What is heaven? More importantly, how do we, as imperfect people, transcend our daily limitations and transgressions to reach heaven - be it here on Earth or elsewhere? The master Polish filmmaker Krzysztof Kieslowski, who wrote the screenplay for "Heaven" shortly before his death in 1996, uses the film's story and dialogue as a final opportunity to expand the core humanist philosophy that underlies nearly all of his films ("Decalogue", "Trois Couleurs", "Double Life of Veronique".)
Philippa, played by Cate Blanchett, is a widowed English teacher living in Turin. Disillusioned from the mounting death toll that drug abuse has claimed on several of her young students and her recently deceased husband, Phillippa executes a desperate plan to kill Turin's drug kingpin, Vendice, by deposting a bomb in his office trashbin. When the bomb is unknowingly intercepted by a cleaning woman on her daily rounds and taken to an elevator transporting a father and his two daughters, Philippa's plan goes horribly wrong. She has unwittingly killed 4 innocent people. Philippa is arrested and interrogated by the Turin police, who accuse her of politically motivated terrorism as a way of masking their professional involvement with Vendice, the kingpin. Philippa readily acknowledges her guilt, only to have a complete breakdown upon learning of the innocent bystanders who lost their lives in her vengeful plot. Her interpreter during the interrogation, handsome Filippo (Giovanni Ribisi), is moved by Philippa's story, quickly falls in love with her, and ultimately hatches a plan to help her escape from the carabinieri, who see her as a problem to be "eliminated", because of her knowledge of Vendice's operations. Philippa herself is less concerned with escape than with killing Vendice, once and for all.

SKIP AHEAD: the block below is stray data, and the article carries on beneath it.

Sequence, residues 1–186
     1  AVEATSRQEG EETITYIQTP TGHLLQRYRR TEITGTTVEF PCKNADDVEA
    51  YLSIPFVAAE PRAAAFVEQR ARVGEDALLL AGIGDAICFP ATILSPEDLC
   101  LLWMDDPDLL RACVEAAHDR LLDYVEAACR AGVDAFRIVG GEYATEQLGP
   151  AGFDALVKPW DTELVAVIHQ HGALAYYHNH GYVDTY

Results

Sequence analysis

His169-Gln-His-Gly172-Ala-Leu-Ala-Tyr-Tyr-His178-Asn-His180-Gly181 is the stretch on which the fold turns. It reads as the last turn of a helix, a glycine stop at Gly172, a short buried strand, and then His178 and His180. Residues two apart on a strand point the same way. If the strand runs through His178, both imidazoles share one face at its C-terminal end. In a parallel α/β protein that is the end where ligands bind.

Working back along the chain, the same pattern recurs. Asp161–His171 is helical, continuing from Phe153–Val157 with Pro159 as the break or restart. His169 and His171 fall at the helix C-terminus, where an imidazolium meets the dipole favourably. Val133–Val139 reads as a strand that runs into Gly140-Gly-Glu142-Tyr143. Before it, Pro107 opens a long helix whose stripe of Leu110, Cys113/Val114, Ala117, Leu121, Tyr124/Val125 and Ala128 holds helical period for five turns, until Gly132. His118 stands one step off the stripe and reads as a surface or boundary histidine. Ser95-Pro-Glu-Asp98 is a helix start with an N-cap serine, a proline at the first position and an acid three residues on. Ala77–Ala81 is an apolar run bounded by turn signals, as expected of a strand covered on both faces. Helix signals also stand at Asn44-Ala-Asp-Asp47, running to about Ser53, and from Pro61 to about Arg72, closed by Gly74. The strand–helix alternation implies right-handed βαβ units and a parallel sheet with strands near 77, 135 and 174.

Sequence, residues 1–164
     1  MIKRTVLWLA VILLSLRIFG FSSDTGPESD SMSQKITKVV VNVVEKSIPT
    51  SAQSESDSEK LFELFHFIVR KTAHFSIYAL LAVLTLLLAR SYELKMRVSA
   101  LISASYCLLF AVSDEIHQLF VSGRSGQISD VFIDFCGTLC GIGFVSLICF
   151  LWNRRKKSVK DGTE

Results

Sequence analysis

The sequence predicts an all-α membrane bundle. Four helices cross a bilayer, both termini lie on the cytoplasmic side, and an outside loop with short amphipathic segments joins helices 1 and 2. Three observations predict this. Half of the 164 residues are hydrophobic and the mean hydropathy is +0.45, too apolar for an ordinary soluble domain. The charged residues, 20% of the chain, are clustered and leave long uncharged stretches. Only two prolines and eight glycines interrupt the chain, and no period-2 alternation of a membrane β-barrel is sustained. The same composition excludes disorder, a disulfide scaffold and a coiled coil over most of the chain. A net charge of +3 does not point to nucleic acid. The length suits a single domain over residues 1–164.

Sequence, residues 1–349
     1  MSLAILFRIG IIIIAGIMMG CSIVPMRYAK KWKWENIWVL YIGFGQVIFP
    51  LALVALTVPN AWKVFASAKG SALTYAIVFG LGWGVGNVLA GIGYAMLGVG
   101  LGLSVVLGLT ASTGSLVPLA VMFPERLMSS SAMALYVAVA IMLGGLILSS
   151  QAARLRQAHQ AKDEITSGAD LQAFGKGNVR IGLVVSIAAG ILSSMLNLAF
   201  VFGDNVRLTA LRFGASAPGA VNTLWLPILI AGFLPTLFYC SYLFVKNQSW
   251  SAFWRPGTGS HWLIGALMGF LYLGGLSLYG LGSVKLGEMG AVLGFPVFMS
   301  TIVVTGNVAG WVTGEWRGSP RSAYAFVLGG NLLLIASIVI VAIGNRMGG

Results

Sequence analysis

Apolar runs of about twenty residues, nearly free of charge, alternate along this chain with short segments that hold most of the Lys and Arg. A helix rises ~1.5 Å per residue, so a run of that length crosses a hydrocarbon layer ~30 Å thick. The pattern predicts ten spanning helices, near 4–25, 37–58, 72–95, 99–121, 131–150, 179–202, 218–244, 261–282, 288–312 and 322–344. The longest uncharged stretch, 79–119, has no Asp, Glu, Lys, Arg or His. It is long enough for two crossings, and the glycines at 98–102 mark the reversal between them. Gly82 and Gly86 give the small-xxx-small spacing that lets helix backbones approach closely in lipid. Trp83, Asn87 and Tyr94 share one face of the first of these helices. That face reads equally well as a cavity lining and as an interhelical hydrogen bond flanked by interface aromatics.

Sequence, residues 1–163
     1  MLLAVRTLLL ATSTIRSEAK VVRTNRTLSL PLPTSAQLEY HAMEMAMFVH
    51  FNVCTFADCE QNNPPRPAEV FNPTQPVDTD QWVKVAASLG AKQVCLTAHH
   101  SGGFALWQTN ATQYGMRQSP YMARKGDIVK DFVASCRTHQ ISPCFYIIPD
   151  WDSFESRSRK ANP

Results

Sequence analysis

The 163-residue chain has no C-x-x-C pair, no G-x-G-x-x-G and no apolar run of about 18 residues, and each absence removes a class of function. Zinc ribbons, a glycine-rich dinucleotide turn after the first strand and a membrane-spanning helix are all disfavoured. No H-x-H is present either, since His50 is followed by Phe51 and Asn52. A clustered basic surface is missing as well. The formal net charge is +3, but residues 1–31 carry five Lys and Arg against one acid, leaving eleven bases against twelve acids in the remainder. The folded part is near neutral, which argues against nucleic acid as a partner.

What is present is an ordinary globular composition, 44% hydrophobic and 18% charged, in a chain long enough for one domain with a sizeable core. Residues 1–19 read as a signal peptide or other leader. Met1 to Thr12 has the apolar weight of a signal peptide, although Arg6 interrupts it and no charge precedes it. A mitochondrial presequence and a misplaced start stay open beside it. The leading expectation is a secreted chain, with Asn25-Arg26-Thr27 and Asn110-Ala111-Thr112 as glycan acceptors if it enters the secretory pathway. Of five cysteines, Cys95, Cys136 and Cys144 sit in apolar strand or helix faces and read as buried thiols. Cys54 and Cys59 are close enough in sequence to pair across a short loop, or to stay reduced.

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26 of 31 people found the following review helpful By A Customer on July 18, 2002
This is one of the most beautiful films I have seen in a long time. The director knows how to create magic moments, and the slow tempo of the film allows the viewer to reflect upon not only the intrigue, but also the visual pictures. If you like films where something happens all the time, this is not a film for you. Instead, the film is almost floating forward in a way that makes you think about not so much what happens, but the deeper issues that are embedded in the film.